I was at a Sundance Ceremony years ago at Punnichy or Gordon's Reserve and there was a big ply-board nailed to a tree. The sign said "no white people allowed".  It was the Sundance Chief who had placed the sign there. And it was his Right to do so.  I read that years ago, the Sundance in some communities made it a spectacle, like a Fair or something. With people dragging Buffalo Skulls with harness on. Not in a real Traditional manner. I think those are the situations that scare our People. The mockery, the stealing of the Spirit and Intent of the Ceremony. Like what Ray did. 

Am I offended when White people come to the Ceremony.  I guess sometimes I am. But other times I am not. Not sure of why. It is a conflict for sure. I think it is a hard situation to really embrace. As my cousin said "people are seeking for the good life". That is the constant you will hear in Indigenous Ceremony and that is mino bimaadiziwin  - good life. We are all seeking good life, what ever our heritage.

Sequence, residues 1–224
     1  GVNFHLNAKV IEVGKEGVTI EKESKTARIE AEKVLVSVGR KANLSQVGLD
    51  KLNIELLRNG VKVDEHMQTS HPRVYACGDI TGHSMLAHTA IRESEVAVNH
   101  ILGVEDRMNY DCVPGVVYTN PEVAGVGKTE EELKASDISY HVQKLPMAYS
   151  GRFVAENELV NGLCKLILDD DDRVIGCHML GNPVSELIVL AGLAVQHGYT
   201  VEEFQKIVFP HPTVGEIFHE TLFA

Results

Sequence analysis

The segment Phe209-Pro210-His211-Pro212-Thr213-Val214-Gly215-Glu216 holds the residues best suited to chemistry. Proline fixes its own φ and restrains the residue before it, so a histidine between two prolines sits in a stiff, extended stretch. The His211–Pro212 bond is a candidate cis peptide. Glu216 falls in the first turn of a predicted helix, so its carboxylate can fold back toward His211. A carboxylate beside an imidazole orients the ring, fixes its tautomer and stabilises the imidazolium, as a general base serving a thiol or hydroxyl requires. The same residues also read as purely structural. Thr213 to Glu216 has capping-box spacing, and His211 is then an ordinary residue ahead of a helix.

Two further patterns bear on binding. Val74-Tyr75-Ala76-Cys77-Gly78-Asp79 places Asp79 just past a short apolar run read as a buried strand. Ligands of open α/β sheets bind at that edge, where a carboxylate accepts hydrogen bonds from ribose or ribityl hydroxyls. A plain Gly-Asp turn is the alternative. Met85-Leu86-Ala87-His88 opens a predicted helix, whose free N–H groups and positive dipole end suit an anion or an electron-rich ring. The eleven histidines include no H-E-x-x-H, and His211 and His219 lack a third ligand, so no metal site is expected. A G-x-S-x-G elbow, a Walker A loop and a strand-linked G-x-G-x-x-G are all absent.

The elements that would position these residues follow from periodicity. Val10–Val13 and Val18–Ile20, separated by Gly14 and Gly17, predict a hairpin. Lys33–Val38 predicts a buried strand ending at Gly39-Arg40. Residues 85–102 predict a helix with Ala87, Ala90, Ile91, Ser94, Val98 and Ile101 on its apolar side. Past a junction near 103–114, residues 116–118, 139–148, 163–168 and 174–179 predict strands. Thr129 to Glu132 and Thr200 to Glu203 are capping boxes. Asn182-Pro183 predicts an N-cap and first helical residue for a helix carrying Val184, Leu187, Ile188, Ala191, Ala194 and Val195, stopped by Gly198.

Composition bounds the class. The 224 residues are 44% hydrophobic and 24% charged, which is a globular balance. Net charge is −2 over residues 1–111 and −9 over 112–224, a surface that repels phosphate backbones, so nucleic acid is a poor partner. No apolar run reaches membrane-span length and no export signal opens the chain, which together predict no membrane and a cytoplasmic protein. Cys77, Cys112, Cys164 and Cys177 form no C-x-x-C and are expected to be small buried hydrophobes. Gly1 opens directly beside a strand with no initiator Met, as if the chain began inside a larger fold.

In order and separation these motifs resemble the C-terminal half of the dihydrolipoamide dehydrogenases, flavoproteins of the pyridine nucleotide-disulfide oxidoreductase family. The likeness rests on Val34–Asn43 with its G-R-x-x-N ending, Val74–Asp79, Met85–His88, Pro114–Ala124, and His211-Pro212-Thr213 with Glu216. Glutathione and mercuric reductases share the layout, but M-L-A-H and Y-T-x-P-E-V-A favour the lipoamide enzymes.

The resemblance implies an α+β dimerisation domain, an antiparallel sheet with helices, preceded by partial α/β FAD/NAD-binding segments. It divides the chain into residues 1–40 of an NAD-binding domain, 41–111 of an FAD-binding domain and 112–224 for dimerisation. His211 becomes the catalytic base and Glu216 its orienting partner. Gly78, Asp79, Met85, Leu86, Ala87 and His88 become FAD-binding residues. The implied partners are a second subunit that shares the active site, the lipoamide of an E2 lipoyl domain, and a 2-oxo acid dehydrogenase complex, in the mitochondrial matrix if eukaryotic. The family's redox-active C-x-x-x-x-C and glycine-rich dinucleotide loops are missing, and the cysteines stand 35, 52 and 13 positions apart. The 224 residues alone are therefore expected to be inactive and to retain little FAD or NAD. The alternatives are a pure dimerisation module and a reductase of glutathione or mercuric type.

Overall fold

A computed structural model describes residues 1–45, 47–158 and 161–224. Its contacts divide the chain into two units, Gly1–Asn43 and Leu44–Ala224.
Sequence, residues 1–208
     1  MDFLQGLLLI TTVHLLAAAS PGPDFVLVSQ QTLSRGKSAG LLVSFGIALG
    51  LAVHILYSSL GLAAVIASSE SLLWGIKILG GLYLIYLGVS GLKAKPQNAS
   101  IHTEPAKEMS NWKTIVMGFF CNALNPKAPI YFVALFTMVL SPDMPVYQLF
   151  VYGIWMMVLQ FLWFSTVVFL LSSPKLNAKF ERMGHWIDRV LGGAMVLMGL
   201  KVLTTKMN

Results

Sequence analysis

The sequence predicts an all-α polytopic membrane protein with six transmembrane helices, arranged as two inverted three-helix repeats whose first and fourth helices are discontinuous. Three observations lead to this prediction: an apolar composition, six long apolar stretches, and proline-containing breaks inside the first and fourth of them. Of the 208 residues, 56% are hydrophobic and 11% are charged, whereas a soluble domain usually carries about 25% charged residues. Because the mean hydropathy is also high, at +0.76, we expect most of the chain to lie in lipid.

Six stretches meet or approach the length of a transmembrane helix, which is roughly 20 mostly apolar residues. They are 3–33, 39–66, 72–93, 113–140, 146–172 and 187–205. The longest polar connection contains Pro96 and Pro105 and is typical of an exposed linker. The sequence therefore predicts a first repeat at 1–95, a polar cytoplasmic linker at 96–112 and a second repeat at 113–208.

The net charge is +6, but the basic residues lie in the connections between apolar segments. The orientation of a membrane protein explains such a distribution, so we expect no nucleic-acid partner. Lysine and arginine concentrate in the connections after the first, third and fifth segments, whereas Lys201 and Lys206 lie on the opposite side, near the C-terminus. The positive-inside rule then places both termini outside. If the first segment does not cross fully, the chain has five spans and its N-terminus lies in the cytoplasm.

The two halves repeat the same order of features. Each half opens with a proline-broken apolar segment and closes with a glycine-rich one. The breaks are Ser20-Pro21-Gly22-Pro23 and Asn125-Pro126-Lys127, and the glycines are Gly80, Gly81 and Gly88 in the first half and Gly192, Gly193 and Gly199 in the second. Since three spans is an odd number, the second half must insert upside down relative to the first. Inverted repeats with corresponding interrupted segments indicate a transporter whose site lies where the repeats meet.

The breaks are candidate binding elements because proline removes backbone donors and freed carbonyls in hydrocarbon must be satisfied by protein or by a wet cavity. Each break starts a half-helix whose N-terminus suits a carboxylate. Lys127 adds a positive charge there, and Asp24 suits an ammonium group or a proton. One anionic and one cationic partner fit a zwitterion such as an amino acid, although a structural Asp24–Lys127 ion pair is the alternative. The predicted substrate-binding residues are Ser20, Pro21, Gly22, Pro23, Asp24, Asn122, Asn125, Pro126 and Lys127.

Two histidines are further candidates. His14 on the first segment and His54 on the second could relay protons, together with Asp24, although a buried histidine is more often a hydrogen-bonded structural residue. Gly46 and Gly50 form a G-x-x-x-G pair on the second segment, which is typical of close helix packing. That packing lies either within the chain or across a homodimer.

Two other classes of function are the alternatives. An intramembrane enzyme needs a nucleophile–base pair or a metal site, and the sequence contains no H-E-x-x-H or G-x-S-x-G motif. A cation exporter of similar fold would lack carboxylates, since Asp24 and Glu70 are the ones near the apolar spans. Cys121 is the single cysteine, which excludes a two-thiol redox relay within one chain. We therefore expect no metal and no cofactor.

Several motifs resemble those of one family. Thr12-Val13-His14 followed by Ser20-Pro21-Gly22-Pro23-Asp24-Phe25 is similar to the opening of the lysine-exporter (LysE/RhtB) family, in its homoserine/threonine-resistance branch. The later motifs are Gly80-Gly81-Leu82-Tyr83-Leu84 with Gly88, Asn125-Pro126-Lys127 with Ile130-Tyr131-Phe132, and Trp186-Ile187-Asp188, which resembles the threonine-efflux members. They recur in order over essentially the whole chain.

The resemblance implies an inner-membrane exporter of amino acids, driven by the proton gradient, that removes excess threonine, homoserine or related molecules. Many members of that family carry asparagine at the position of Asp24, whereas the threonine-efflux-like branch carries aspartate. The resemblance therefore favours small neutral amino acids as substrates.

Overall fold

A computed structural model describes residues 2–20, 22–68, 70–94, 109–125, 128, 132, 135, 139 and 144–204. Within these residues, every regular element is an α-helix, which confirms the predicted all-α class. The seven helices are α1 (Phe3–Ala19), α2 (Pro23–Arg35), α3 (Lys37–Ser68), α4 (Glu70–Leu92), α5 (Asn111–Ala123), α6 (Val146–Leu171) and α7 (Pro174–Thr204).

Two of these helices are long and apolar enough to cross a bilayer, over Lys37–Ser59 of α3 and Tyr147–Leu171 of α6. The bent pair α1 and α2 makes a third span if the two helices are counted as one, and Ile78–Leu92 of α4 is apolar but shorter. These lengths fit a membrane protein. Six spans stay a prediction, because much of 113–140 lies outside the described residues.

I told this story before and cause I forget will share it again. Not much people have read the old post anyway. (I see the read count of posts). You must know with Creation the Creator had Teachers in other peoples' worlds. Buddha, Jesus, Muhammad, Brahma, and so on.  Well on this day Nanabosho or Wesakechak.was to meet his brother Jesus.